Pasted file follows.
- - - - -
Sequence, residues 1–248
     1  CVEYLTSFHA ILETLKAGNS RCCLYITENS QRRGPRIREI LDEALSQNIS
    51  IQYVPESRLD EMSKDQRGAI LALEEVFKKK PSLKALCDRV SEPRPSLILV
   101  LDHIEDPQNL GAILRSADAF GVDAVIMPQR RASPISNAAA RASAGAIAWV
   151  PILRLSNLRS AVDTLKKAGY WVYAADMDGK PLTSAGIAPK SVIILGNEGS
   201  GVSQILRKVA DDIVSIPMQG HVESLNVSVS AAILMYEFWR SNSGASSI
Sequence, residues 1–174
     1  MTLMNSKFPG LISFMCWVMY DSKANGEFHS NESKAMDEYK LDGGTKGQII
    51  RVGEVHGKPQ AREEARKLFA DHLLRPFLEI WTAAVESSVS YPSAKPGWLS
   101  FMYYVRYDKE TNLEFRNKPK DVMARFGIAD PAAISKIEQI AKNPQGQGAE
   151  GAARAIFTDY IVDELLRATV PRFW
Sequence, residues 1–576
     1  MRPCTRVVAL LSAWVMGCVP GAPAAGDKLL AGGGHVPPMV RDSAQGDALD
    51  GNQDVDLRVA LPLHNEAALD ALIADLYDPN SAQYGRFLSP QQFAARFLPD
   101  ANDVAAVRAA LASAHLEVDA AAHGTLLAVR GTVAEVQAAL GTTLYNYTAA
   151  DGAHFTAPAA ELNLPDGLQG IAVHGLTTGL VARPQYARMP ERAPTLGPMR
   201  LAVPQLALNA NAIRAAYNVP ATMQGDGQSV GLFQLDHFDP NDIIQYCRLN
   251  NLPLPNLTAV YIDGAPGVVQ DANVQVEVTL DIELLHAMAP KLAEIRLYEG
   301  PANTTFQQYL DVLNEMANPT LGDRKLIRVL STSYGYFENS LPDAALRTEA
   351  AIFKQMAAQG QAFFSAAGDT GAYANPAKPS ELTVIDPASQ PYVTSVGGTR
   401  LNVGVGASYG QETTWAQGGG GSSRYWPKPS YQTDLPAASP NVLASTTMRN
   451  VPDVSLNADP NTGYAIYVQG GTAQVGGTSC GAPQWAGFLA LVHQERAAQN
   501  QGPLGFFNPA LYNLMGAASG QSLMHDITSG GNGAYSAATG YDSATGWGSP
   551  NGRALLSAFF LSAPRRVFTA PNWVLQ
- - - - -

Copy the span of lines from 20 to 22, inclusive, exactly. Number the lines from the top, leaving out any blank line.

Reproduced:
   351  AIFKQMAAQG QAFFSAAGDT GAYANPAKPS ELTVIDPASQ PYVTSVGGTR
   401  LNVGVGASYG QETTWAQGGG GSSRYWPKPS YQTDLPAASP NVLASTTMRN
   451  VPDVSLNADP NTGYAIYVQG GTAQVGGTSC GAPQWAGFLA LVHQERAAQN